Think about it: the idea of quantum movement provides a certain elegant solution to this apparent and well-worn chestnut of a Paradox.

 

(By the way, Zeno of Elea also proposed additional Paradoxes, and quantum movement is very applicable to them all. It is especially applicable--intuitively--to the lesser-known but intriguing Paradox known as "The Arrow.")

versailles
Community Guru
Rene K Member Since: Jul 10, 2014
48 of 121

@Janean L wrote:

 

You know the particular Zeno's Paradox about how motion is logically impossible because in order to go from Point A to Point B one must first travel to the midpoint between A and B


It's a funny paradox, but the reality is always stranger than you may expect. It has been theorized, but not proved yet, that the Universe is not continuous but that it has a discrete structure. If this very plausible theory turns out to be true, there is a minimal non-divisible distance.

 

It would be as if the very fabric of the Universe is in reality a grid. You can only go from one point of the grid to another point and there are no intermediary positions at all. The distance between two of those points is called the Planck length, which would be the minimal length in the Universe. Nothing could be smaller because the whole concept of being smaller than the Planck length doesn't make any sense. The Planck length is extremely small. Like really extremely small.

 

And because time is nothing more than another axis in a four-dimensional Universe, the same rule applies. There is a minimal non-divisible duration, the Planck time. Nothing happens between two Planck time graduations.

 

And who is responsible for the derailing of this topic? I want names.

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"Where darkness shines like dazzling light"   —William Ashbless
jmlaidlaw
Community Guru
Janean L Member Since: Apr 6, 2016
49 of 121

LOLZ, LOLZ, LOLZ René !

 

By the way -- Planck length/Planck time is [are] directly applicable to Zeno's "Arrow" Paradox, wtih which you may well be familiar. It is simultaneously simple and complex--a bit of a Zen-type Paradox:  If, at every given moment in time, an arrow exists at a specific point in space--when does it move?  (That is, the Arrow cannot occupy two or more different points in space at the same time--so how/when does it get from here to there? In effect, at any given identifiable time, the Arrow is motionless! ) (I have always considered the Arrow to be the Paradox that, of them all, best describes the essential questions of time and motion that Zeno seemed to be considering.)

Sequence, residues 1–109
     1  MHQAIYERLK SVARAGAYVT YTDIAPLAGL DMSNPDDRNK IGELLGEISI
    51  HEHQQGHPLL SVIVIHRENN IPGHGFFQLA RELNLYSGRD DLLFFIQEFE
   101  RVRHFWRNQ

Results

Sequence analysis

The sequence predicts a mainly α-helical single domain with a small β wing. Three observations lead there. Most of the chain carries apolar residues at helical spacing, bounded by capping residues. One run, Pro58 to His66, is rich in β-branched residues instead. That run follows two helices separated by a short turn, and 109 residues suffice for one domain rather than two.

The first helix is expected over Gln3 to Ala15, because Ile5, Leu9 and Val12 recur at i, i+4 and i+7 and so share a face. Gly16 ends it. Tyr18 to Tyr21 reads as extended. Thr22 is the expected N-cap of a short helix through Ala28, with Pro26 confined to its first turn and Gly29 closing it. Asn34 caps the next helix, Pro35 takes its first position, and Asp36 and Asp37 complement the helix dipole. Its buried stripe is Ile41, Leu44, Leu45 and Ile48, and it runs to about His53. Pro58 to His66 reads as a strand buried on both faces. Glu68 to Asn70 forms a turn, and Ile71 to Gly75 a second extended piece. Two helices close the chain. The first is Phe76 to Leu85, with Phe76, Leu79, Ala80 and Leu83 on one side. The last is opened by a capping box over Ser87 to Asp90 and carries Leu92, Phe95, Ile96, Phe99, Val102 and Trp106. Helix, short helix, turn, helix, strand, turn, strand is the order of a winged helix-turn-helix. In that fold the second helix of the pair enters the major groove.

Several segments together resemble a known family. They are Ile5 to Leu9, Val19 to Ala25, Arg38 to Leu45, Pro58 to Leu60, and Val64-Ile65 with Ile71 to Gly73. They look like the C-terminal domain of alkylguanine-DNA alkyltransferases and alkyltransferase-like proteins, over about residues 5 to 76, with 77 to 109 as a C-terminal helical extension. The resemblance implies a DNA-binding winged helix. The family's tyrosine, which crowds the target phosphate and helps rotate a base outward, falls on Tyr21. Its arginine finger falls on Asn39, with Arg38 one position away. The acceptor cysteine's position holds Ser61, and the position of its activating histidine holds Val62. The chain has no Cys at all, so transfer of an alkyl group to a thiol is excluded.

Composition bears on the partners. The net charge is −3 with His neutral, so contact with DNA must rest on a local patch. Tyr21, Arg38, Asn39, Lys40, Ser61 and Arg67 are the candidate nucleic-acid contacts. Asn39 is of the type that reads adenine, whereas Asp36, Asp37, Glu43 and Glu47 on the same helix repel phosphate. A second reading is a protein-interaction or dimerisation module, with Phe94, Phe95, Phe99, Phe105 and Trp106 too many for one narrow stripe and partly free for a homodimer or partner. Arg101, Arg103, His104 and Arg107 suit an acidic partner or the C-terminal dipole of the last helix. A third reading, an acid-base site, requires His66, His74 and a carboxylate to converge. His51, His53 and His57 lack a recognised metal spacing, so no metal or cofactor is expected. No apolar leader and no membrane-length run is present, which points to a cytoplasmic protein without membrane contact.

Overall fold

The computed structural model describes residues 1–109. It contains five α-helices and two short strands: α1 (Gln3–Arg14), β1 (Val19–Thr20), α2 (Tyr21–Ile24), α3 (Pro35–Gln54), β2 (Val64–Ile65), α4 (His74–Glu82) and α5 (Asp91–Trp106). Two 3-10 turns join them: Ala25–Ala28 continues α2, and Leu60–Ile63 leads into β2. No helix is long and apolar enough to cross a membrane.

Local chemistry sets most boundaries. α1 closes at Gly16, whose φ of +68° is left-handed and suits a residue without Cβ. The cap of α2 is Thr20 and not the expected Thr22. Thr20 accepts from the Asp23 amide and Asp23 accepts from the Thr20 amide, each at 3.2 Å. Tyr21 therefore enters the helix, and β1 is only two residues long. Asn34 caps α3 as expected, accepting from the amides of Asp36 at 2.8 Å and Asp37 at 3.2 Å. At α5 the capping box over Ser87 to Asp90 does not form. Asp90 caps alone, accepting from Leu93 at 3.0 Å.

reinierb
Community Guru
Reinier B Member Since: Nov 3, 2015
50 of 121

@Janean L wrote:

LOLZ, LOLZ, LOLZ René !

 

By the way -- Planck length/Planck time is [are] directly applicable to Zeno's "Arrow" Paradox, wtih which you may well be familiar. It is simultaneously simple and complex--a bit of a Zen-type Paradox:  If, at every given moment in time, an arrow exists at a specific point in space--when does it move?  (That is, the Arrow cannot occupy two or more different points in space at the same time--so how/when does it get from here to there? In effect, at any given identifiable time, the Arrow is motionless! ) (I have always considered the Arrow to be the Paradox that, of them all, best describes the essential questions of time and motion that Zeno seemed to be considering.)


 Perhaps this Zeno fellow did not know that nothing in the Universe is stationary? Or can never be stationary unless it is stopped by a force that exceeds its inertia? Or that even then, both objects (or their remains)will still be moving relative to everything else?

 

I just don't get paradoxes. Most of them take little to no notice of what everyone can observe directly, such as that nothing in the Universe is stationary. From whence then the idea that an arrow does not (or cannot) move because it cannot occupy two positions in space at the same time?

 

I agree that the arrow in this paradox cannot be in two places at the same time, but then again, it does not have to be. Here is how it works- if an arrow is shot into space at a speed that allows it to escape Earth's gravity, it will keep on moving until it hits something that stops its motion. Thus, until the arrow hits something, there is no question about it existing in two places at the same time, since it is moving at a steady pace from one position to the next at the rate of its length, or multiples of its length, per unit of time. Therefore, there is no paradox, since the arrow can be observed to be moving from one position to the next.

 

PS - Another silly paradox is the Twins Paradox, in which one twin that travels away from earth at the speed of light ages at a slower rate than the twin that remained on Earth. Time dilation? Really?